Design for the World sends these lines to all those who collaborate in the project for the design of the push-pull pictogram, in order to inform you, that several petitions from participants have reached us, asking for a delay of the entry date of the projects, sketches or ideas. We attend now to this petition and declare June 15, 2008, the definitive deadline. From that moment on, we shall proceed to the next phase of which you shall be informed, as promised.
Grafist 12: International Graphic Design
WeekFrom 5-11 May, the twelfth edition of Grafist 12, the International Graphic Design Week will take place in Istanbul, Turkey.
Grafist is one of the longest running education focused graphic design events in Istanbul, Turkey, organised by Mimar Sinan Fine Arts University (MSGSU).Participants attend workshops, lectures, exhibitions and special events.
The programme includes workshops from 5-8 May, with presentation of the results on 10 May.The International Seminar will take place on 9 May.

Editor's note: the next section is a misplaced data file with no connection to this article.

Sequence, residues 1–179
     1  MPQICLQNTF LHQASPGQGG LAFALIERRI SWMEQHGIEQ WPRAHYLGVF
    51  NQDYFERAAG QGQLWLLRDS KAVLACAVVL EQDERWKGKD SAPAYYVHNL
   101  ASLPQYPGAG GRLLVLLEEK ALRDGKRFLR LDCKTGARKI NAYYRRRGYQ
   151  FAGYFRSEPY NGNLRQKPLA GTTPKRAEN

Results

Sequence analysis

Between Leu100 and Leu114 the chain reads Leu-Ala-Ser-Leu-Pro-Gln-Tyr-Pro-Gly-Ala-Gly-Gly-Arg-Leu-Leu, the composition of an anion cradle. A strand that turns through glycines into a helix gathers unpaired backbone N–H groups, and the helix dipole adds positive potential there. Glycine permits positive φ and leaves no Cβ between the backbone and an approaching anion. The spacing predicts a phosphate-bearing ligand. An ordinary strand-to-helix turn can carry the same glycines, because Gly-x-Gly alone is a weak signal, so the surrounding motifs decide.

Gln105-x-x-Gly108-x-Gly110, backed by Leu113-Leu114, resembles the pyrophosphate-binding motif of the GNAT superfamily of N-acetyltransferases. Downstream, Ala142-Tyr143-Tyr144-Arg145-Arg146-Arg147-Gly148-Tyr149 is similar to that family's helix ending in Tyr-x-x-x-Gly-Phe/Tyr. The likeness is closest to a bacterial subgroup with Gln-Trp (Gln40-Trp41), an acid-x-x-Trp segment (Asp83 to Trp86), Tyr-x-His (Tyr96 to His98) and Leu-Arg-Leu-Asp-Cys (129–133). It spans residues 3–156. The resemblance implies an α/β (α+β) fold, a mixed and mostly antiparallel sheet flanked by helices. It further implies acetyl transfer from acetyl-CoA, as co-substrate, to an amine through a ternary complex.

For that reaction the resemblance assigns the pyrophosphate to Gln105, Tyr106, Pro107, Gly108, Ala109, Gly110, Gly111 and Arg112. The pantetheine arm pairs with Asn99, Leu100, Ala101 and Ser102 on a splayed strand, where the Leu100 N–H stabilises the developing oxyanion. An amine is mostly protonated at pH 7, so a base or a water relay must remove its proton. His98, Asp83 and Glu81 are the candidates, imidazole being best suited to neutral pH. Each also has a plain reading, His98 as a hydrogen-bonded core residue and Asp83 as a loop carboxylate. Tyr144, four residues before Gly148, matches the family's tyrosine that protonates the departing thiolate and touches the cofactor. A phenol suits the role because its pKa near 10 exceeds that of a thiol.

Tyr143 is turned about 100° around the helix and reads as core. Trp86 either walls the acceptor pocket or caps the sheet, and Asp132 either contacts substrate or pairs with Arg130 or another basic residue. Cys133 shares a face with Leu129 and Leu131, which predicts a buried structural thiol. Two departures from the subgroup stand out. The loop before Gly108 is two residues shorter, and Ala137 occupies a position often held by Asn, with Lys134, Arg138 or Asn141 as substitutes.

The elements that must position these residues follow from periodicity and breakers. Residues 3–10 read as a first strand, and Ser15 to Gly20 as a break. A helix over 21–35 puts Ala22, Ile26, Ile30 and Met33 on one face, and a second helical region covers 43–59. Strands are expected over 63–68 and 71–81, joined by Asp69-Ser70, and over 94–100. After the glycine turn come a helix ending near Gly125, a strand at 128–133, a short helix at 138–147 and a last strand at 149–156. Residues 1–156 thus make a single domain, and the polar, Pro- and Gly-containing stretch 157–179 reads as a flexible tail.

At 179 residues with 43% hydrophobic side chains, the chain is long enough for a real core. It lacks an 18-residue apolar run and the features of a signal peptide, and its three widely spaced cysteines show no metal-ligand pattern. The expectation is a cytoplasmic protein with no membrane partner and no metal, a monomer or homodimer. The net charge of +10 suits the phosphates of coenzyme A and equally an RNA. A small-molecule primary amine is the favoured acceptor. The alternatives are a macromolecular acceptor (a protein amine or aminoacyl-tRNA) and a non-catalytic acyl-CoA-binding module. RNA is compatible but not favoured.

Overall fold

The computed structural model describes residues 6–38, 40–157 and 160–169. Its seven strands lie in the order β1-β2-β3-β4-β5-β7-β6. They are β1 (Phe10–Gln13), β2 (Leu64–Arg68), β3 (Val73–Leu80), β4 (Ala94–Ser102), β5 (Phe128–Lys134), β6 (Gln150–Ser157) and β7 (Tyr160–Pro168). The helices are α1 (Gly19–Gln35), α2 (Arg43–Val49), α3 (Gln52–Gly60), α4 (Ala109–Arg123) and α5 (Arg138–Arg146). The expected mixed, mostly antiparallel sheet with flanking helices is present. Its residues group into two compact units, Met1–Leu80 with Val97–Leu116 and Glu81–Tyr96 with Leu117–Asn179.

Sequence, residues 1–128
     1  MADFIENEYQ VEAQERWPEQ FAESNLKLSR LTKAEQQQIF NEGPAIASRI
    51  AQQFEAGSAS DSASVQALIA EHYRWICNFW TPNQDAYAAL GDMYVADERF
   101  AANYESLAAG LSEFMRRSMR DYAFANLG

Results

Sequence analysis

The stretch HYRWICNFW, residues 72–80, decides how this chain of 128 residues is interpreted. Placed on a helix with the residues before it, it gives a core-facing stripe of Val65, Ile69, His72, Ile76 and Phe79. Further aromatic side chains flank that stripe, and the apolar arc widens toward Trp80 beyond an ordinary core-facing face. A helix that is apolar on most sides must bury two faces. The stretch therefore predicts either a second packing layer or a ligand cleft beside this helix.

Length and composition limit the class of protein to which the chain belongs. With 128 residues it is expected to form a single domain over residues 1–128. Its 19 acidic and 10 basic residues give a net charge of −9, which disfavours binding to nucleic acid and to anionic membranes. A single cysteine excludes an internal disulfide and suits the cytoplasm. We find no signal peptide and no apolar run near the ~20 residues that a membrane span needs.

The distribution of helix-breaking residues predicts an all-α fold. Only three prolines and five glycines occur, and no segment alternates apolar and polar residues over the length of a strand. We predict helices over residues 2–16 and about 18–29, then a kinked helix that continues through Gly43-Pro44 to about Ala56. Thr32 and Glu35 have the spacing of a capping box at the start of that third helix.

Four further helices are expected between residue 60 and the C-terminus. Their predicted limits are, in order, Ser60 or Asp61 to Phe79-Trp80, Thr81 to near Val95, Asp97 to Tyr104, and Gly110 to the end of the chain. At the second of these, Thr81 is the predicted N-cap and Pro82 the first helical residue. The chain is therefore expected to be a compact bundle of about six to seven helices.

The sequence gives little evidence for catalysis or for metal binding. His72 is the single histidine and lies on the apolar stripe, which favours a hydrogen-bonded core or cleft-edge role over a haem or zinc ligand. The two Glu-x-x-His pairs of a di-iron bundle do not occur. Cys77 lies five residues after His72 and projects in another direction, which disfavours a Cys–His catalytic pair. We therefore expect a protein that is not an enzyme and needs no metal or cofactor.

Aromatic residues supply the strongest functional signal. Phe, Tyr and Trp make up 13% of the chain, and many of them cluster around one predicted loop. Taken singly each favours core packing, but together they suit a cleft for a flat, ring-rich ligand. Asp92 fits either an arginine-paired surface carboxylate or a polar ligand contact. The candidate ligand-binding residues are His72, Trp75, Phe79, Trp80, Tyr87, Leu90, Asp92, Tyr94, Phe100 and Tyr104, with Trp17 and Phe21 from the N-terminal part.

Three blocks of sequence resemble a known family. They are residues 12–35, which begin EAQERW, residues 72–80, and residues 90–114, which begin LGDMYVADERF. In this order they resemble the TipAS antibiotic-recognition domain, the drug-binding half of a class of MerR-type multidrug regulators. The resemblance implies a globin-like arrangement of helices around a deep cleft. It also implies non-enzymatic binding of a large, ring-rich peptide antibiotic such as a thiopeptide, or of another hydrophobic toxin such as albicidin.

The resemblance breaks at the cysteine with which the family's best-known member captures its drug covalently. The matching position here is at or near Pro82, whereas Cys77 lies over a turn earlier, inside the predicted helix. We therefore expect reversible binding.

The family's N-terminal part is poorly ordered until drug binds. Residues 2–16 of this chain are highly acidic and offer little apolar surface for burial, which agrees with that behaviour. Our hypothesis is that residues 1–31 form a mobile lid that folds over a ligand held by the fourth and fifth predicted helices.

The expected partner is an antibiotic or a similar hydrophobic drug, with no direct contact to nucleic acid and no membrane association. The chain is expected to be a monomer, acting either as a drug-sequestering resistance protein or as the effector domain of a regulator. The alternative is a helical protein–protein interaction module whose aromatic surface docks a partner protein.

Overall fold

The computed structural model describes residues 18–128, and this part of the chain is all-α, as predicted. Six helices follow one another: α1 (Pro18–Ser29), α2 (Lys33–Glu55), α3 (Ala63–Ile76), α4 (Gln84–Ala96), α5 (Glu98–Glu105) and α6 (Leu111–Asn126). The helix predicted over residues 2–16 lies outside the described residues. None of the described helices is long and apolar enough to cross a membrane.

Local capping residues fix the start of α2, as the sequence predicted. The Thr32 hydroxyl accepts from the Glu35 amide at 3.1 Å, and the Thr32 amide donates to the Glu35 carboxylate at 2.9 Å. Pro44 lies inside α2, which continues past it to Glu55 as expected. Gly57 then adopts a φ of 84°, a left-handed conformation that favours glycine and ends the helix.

quarta-feira, 16 de abril de 2008
Os Cadernos estão abertos à mais ampla participação de colaboradores, quer regulares, quer episódicos, que queiram ver os seus artigos e as suas opiniões difundidos por este meio. Os artigos assinalados com o nome do(s) seu autor(es) são da responsabilidade desse(s) mesmo(s) autor(es) – e também sua propriedade intelectual.
Conforme o nome indica, os Cadernos de Tipografia incidem sobre temas relacionados com a Tipografia, o typeface design, o design gráfico, e a análise social e cultural dos fenómenos relacionados com a visualização, edição, publicação e reprodução de textos, símbolos e imagens.